Make up a fictional city, borrowing from real ones (and various things seen on weburbanist)? Maybe. It isn't an option I considered until just now. Perhaps I'll suggest it to her tonight.

Any suggestions? Let me know where you've set modern urban games and how its worked...

A Weekend in Indianapolis

I have come to believe that Indianapolis doesn't believe in signage.

This is unfortunate.

Really, it only interfered once. Finding our way in and out of the Embassy Suites to attend the Goodman Games seminar on adventure design was an adventure in itself. It was like we got to attend the True Dungeon for free!

...except not fun.

Other than that, Gen Con was pretty good, though I didn't get to spend enough time there and hadn't really planned enough.

Time was spent in the exhibit hall. I picked up a copy of Spirit of the Century. Finding fudge dice to use with it was a bit of a challenge, but the folks at the IPR booth helped me to track them down. I chatted a bit with Jerry at the Khepera Publishing booth. Grace has done some art for them, and their new book, Hellas, looks beautiful. Angela picked up some art from Devon Schiller, whom she'd met in the art show last year (specifically, a ceramic tile printed with this). She also raided the bins of cheap D&D minis for her campaign.

I attended the aforementioned seminar on module design. It wasn't bad, but it devolved into people asking for GMing advice... and one guy who kept telling us about the campaign he was running. I didn't care about his campaign. At all.

I also went to the rpg blogging seminar, which was cool. Among other things, I determined that I really need to start using stumbleupon and digg and things like that.

Other than that, there was a lot of people-watching (including some of the costume contest), some boardgame-playing, running into friends (including two who just got engaged at Gen Con), and things of that sort.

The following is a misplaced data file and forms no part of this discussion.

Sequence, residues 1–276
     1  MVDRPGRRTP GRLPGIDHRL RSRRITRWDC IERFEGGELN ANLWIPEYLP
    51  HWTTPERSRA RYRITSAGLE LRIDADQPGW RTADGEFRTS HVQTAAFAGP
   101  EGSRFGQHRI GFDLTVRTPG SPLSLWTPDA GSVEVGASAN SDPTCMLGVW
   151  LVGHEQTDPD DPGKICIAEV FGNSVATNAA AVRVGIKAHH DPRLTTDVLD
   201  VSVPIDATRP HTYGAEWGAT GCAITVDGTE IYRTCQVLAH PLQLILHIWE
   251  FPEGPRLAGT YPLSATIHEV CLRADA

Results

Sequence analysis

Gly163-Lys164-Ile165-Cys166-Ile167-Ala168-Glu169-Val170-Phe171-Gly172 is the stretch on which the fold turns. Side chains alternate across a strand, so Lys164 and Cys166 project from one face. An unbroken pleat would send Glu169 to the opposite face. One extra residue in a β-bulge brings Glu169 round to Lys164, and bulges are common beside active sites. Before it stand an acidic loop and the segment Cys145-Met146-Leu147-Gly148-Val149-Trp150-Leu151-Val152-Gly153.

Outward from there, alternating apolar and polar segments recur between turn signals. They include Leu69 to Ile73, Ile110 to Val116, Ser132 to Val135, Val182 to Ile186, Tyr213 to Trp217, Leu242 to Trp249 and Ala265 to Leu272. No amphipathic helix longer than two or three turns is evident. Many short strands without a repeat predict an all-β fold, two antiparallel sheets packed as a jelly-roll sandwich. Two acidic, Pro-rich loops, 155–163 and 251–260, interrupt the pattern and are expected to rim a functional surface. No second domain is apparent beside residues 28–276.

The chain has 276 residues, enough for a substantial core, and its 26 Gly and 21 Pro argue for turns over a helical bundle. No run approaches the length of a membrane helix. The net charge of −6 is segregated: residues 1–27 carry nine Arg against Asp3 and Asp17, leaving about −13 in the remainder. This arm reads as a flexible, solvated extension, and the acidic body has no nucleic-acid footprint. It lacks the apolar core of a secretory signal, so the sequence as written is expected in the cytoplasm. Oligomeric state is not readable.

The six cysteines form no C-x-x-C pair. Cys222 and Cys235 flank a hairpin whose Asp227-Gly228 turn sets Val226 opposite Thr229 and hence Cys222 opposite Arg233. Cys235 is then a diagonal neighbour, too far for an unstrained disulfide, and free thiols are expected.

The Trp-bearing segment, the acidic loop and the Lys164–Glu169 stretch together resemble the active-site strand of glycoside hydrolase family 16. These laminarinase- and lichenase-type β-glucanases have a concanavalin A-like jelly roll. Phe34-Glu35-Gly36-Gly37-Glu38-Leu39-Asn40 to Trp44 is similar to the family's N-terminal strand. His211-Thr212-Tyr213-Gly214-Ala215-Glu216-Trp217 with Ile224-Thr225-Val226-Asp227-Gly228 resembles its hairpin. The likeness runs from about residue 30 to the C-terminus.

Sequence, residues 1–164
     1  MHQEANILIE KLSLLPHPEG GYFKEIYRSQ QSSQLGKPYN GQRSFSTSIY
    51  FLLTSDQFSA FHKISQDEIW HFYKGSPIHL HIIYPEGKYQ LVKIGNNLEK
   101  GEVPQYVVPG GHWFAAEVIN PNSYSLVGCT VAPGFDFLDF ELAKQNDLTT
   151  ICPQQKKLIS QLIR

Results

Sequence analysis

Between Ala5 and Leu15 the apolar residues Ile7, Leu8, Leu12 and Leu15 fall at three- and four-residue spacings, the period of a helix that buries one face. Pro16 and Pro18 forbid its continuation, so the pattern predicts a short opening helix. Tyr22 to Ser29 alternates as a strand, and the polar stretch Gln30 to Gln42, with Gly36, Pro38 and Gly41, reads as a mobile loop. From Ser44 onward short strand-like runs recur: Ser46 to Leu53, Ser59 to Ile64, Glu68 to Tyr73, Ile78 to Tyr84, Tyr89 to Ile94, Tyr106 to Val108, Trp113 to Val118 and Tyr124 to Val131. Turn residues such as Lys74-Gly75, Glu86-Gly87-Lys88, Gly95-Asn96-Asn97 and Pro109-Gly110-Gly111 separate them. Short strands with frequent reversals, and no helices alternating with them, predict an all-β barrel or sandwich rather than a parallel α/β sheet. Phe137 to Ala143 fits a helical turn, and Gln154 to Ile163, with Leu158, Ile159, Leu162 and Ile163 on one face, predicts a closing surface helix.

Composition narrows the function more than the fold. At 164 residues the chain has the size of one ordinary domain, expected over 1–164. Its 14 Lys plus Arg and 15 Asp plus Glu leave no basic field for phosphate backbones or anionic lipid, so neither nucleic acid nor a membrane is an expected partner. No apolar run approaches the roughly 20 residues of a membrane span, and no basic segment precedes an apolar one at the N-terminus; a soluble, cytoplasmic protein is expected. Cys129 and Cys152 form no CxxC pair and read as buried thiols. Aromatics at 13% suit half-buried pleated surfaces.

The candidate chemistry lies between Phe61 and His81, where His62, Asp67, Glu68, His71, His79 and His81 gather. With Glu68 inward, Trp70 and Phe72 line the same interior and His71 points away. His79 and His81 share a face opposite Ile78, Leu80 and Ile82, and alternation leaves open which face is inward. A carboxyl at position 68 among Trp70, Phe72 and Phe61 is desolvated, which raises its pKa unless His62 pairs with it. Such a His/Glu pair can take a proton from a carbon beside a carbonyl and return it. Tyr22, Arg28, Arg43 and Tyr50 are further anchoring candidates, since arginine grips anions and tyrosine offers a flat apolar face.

Good times.

Sunday, we went to the Indianapolis Zoo, and I got to hang out with lemurs and otters and donkeys. Yay.

In the car, Angela and I totally reworked the game that we've been planning on co-GMing. I'd been having some serious hang-ups about it, so we scrapped a lot - including the setting - and moved back toward something like what she'd originally been thinking, and which I think I will be happier with: we are still refining it, but it looks like the game has gone from post-apocalyptic to modern fantasy and will exist somewhere within the triangle defined by (1) Hellboy II, (2) the X-Files, and (3) Neverwhere. We might toss a bit of Men in Black in there for flavoring. We'll see.

Thursday, August 14, 2008

Gen Con Plans

It looks like we'll probably head over to Indy late Friday night, hit Gen Con on Saturday, and take in the Indianapolis zoo on Sunday.

Seminar-things I want to make sure I attend at Gen Con:
RPG Bloggers Unite! 1PM Sat
How to Write Adventures Modules that Don't Suck 9pm Sat

If convenient, I might go to the Freelancing for Dungeons & Dragons (6pm Sat) seminar, also.

It is too bad we couldn't do the entire thing. Angela would have liked to be able to attend the seminar on How to Become a Professional Miniature Sculptor that is being held tonight... and it would have been nice to, you know, actually be able to sign up for some games. Also, I'll miss the ENnies. Wah.

Wednesday, August 13, 2008

Carnival Post: There goes the Zombiehood...

The Undead

I don't use a lot of undead in my games.

There are a number of reasons for this. First is the zombie issue. Zombies are among the most commonly used undead, but (I know this is sacriledge among many) I don't get excited about zombies. Zombie movies? They can be OK, but only if they aren't about the zombies. I liked 28 Days Later well enough, but I would have liked it just as well if the zombies were replaced by wild dogs or flesh-eating macaws or something. Zombies aren't interesting - it is people's reactions to them that are interesting. In most RPGs, the reactions of people to zombies is predictable. They kill the zombies. They typically do this in a manner very similar to killing other monsters. The difference? Zombies are usually less interesting than those other monsters.